Forget forecasts--high on sweep and low on accountability--about whole centuries or new millennia. Let us turn immediately to the 2000 election. It will prove more engaging than most sensible citizens now expect and is already more of a contest than Al Gore or George W. Bush anticipated. Let's look at each race as the year begins.
The Republicans: The year 1999 belonged to John McCain. He made two unconventional decisions that proved right, and an entirely predictable call that proved right, too.
His tactical stroke was to avoid competing in last August's Iowa straw poll. You ask: What Iowa straw poll? That's the point. George W. Bush won, as he was supposed to, while Steve Forbes and Elizabeth Dole got modest bumps of publicity. Dole is now gone and set to endorse Bush, and Forbes is struggling (though he's still well-organized for the Iowa caucuses on Jan. 24).
The big strategic surprise is McCain's ability to make the campaign finance issue work as a metaphor for what's wrong with Washington. It should never be underestimated how much Republican voters dislike Washington as long as it's under Bill Clinton's sway. If Clinton profited from the existing campaign money system, many Republicans reason it must be wrong.
Finally, McCain did the obvious well: weaving his experience as a Vietnam POW into a parable of courage, patriotism, maturity, independence and self-knowledge. He will reinforce that message today with a speech on patriotism and civic obligation. McCain made himself a perfect foil to Bush as questions arose about Bush's seriousness and readiness to be president--and, of course, a perfect foil to Clinton, too.
The year 2000 will be harder for McCain. Bush used 1999 well by establishing a powerful infrastructure of policy advisers and offering a serious agenda in a series of intelligent speeches. Put aside that some of Bush's promises (his big tax cut, especially) may hurt him in the fall. There is a coherence to Bush's program, and McCain is still playing policy catch-up.
In the meantime, Bush will try to trap McCain on taxes. If McCain attacks Bush's tax cuts too hard as too big, Bush wins an edge with anti-tax voters. If McCain moves too close to Bush's position, the courageous hero becomes a politician like all others. McCain campaign manager Rick Davis says McCain's way out of this box will be to stick to more modest tax cuts and emphasize the need to use surplus money to save Social Security.
Lacking Bush's campaign chest, McCain has placed a few large bets. He needs to win the Feb. 1 New Hampshire primary. He has so overtouted the Feb. 19 South Carolina primary that he can't afford a loss there. And now McCain's campaign talks of a surprise victory in Michigan on Feb. 22.
Hyping the importance of Michigan makes the state's Republican governor, John Engler, the happiest man in the country. Engler, a strong Bush supporter, is a skilled organization politician of the sort that made Chicago's Democratic machine famous. Engler would love to stop McCain and save a flagging Bush candidacy by doing so--exactly as former New Hampshire governor John Sununu saved Bush, the father, in 1988.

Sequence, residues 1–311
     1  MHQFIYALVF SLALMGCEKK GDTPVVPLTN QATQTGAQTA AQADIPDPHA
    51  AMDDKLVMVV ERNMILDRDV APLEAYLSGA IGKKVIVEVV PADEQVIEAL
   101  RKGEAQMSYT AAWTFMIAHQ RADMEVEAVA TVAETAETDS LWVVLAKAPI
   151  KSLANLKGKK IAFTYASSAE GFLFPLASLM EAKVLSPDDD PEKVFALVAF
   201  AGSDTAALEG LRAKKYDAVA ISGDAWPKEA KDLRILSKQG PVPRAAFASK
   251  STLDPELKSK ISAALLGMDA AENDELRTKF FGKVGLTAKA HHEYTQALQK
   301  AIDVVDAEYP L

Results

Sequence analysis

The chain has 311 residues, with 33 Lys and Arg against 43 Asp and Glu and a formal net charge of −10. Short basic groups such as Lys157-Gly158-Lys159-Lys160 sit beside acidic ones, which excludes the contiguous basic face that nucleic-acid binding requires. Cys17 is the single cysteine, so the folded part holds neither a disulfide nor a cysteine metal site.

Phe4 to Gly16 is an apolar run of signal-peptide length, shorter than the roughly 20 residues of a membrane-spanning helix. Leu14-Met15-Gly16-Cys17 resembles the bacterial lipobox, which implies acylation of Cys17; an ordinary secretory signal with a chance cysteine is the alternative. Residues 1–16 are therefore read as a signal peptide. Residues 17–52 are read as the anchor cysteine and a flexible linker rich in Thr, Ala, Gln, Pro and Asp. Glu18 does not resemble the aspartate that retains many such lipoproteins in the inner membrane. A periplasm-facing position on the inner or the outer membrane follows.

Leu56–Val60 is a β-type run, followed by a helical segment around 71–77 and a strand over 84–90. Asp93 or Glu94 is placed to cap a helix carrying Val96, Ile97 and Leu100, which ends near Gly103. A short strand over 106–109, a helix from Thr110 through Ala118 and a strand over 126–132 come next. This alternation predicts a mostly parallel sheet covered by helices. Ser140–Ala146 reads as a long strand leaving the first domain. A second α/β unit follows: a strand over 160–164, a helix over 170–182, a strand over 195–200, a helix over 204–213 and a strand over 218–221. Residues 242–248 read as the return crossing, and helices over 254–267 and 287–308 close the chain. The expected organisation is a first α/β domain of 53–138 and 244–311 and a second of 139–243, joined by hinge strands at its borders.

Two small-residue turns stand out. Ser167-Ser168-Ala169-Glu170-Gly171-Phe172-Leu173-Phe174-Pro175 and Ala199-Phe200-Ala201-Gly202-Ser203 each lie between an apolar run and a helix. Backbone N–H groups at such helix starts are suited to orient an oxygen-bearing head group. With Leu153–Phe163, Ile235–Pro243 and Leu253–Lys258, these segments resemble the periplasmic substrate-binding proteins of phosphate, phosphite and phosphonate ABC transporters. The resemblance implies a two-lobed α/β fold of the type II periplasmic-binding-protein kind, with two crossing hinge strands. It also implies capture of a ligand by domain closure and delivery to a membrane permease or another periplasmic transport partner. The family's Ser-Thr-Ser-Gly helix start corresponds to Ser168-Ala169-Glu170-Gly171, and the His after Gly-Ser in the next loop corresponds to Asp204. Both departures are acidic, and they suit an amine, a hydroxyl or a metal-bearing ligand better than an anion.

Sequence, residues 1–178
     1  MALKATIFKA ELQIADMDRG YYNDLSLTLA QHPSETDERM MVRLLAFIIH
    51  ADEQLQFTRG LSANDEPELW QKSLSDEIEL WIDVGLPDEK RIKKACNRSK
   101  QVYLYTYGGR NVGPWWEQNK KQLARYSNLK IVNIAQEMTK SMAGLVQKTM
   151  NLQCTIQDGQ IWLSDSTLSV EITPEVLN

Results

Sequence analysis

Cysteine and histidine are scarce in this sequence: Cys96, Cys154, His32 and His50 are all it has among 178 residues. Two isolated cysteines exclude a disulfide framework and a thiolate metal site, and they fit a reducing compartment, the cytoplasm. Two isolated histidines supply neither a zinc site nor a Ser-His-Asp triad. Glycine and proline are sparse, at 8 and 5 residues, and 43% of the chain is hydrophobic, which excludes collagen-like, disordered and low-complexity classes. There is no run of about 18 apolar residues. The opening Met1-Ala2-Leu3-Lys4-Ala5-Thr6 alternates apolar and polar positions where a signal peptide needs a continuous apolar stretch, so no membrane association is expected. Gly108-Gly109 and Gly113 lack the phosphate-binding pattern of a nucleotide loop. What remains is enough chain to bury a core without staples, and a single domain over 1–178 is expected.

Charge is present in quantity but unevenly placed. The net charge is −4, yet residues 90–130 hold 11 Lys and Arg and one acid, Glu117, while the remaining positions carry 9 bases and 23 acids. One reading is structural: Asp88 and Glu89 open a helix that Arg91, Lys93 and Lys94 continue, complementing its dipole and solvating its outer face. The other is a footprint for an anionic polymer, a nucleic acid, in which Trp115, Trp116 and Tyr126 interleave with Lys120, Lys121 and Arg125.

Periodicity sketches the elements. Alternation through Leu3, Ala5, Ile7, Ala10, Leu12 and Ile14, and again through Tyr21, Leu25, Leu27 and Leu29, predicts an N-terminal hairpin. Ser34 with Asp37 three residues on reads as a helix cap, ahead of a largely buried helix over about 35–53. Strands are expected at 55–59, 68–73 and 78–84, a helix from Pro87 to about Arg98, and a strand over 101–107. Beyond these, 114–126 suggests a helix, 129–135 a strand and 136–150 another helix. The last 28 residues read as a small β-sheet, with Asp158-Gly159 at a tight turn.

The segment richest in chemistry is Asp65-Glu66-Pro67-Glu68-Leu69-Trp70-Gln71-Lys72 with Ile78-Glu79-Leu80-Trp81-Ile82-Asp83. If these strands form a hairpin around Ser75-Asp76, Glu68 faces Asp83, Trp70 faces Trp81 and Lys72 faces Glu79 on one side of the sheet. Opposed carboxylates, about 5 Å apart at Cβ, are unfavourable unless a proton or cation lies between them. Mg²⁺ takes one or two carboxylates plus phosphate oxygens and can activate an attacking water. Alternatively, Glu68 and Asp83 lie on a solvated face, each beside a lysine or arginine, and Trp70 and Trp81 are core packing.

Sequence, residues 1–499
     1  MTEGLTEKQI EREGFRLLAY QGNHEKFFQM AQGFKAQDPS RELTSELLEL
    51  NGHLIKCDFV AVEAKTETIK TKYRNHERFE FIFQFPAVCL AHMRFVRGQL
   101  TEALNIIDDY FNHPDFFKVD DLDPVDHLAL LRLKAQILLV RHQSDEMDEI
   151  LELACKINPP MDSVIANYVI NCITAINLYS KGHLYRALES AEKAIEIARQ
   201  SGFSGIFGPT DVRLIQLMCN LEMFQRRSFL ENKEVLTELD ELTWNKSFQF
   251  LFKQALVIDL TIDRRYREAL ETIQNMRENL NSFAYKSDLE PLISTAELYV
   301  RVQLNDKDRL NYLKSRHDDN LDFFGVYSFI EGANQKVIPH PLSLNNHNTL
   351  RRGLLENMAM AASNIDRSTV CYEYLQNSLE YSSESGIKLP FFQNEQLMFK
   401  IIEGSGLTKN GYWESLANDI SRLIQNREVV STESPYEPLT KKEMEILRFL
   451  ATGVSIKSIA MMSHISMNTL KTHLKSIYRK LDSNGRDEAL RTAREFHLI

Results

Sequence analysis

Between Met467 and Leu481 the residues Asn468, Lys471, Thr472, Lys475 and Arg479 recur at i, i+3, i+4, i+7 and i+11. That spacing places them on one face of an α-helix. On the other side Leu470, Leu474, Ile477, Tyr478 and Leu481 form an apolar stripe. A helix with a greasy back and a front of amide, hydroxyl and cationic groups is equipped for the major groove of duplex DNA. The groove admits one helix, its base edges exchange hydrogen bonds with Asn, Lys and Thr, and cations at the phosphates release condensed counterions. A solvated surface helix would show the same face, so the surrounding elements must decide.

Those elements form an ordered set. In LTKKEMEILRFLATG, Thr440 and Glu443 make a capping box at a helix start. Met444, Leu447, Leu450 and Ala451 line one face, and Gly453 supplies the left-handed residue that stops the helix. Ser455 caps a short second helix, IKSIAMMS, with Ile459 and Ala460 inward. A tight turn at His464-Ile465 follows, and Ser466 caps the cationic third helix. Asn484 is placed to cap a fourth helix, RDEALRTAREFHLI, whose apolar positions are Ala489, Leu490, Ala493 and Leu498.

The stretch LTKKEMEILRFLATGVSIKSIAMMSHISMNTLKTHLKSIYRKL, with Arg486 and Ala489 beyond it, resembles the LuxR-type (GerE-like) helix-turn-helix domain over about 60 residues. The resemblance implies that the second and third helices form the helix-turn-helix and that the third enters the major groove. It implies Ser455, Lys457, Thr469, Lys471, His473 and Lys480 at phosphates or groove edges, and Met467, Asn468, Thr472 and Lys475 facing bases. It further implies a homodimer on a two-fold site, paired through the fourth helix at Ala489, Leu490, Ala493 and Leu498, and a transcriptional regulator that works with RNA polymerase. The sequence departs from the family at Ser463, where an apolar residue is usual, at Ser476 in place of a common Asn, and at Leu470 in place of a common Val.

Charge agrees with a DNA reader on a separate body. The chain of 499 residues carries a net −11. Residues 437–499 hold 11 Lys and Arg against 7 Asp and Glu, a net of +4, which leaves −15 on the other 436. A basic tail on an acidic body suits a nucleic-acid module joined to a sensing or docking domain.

The Democrats: Bradley came on strong for most of 1999. Gore halted the advance with his attacks on Bradley's health plan, but Bradley came back in the December debates and is spending a mountain of money in Iowa and New Hampshire.
Bradley is now investing a lot of time in Iowa, hoping for a surprise victory in a state thought to have been Gore territory. A Gore adviser said over the weekend that the vice president is going for a come-from-behind victory in New Hampshire in hopes of crippling Bradley early.
But don't bet on early knockout blows from either side. The Democratic race will come down to New York and California, both on March 7. Bradley has to win both. If he does, Gore might conceivably limp to victory with the help of southern primaries, but that's unlikely. Even if Bradley wins New York, where he's favored, but loses California, it's hard to see how he recovers. Gore's advantages in the South then have a chance to kick in.
Here's the monkey wrench: Under California's strange rules, voters can vote for any candidate in any party primary. Hypothetically, registered Republicans (and Independents) can vote for Bradley, Democrats (and Independents) for McCain. But convention delegates will be apportioned only on the basis of the votes of registered party members. So you'll have three vote counts: one for registered Democrats, another for registered Republicans and a third for all the ballots cast. It's possible that Bradley could lose to Gore among Democrats but win when Independents and Republican ballots are added to his totals.
Perception meaning almost everything in this business, who will decide who "won" California? The political consultants and pundits, that's who. If you can't stand pundits and consultants, root against the split result. But if it happens, it will be the metaphor for the tumultuous campaign no one predicted.